In going to college in the 70’s we all had dial type phones in each of our dorm rooms. One trick was to remove the “Green” wire from the terminal block on an un-suspecting neighbors phone. Then call them up and leave my phone off the hook. Disconnecting the green wire caused the phone to continue ringing when answered. Short of re-connecting the green wire or disconnecting the phone there was little you could do to stop the ringing. (Phones in those days did not have connectors and were hard wired.) I usually hung up after about 20 minutes or so. Of course the neighbors caught on after a couple of times and would fix their phone only to pull that prank on the next victim.
Speaking of flashbulbs, many years ago (early '80s) I bought some "Magicubes" which were 4 flash bulbs in a plastic case. The nice thing about Magicubes was that they didn't required a battery, but used a striker to strike the base which contained a fulminate which initiated the flash. I rigged up a paperclip to trip the striker and placed it in a coworkers desk drawer. When he opened the drawer a string pulled the paperclip and tripped the striker. It was quite a wakeup!! I still have the cube and some spare bulbs in the back of my desk drawer. Maybe one of these days...
A charged condensor from a car's distributor was a favorite for my eigth grade prinicpal. At recess he would walk around on the playground and yell "Here, catch" and toss it to you. We took it as fun and made him teach us how he didn't get shocked himself. This was in 1960. Today, I'm sure that he would be in a lot of trouble. But in my opinion he was a great "hands on" teacher.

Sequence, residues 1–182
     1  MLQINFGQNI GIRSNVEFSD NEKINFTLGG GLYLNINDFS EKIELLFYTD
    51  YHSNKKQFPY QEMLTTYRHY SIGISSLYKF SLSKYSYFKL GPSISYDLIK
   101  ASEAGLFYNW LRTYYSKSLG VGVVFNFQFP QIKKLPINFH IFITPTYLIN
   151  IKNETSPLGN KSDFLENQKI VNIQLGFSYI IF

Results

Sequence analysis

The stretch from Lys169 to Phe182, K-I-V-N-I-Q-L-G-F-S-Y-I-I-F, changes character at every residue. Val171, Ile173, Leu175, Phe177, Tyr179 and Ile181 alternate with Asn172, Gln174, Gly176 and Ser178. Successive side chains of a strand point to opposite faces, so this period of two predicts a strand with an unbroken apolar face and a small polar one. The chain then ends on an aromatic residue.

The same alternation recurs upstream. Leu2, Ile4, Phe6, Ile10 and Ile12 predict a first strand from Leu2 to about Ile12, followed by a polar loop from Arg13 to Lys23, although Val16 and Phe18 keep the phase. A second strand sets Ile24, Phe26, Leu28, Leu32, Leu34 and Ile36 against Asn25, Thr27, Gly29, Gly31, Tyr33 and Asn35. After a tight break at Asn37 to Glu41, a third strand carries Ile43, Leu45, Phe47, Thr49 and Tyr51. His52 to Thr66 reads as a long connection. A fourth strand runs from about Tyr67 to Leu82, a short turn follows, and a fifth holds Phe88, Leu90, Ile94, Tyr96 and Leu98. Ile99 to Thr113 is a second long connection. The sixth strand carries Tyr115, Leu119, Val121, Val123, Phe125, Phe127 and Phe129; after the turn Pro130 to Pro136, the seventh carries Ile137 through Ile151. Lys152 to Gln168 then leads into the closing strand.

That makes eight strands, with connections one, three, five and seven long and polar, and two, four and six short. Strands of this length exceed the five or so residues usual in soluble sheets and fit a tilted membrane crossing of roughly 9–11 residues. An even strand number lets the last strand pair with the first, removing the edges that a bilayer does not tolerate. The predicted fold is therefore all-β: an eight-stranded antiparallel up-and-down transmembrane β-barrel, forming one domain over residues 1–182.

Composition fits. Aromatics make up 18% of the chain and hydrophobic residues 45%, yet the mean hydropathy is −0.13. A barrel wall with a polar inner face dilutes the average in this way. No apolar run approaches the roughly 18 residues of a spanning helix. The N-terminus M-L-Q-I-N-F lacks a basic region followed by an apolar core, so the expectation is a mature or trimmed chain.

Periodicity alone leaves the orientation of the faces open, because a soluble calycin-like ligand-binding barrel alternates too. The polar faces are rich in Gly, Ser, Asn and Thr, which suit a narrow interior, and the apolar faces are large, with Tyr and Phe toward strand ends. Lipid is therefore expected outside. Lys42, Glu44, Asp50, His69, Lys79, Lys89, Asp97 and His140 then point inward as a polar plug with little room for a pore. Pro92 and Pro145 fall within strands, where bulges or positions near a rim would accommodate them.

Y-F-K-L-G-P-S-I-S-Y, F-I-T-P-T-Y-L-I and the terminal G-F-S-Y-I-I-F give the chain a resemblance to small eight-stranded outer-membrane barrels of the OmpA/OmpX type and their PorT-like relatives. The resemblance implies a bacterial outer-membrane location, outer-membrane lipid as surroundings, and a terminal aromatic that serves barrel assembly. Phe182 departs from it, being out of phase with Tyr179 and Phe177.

We had just learned about inductors and reactance in my basic electronics class and after the lecture, one of students came up and asked what I thought would happen if he stuck a small 10uH inductor in the lab bench wall socket (the class also doubled as a lab).
I told him to figure it out, you have 120vac at 60 hertz an that if it was me I would think twice before doing it; I believe the current would be quite high.
By then I was off on the other side of the class talking with my instructor and the other students- and then a BLAM! I can here pieces of the poor inductor ricocheted off the ceiling and walls.
Fortuntely it was the end of class and most students had left.
My respect for instructors in general went up another notch.
You just never know what kind of students you will be getting...
I wonder what job he has now???
The flashbulb thing is pretty funny, but the ones involving capacitors across mains powerlines and high-voltage charged electrolytics are just unbelievably stupid, cruel and dangerous, even for college kids. There are all sorts of ways pranks like that can go badly - or fatally - wrong. It's no wonder we engineers have a reputation as socially inept nitwits.
David Patterson, known for his pioneering research that led to RAID, clusters and more, is part of a team at UC Berkeley that recently made its RISC-V processor architecture an open source hardware offering. We talk with Patterson and one of his colleagues behind the effort about the opportunities they see, what new kinds of designs they hope to enable and what it means for today’s commercial processor giants such as Intel, ARM and Imagination Technologies.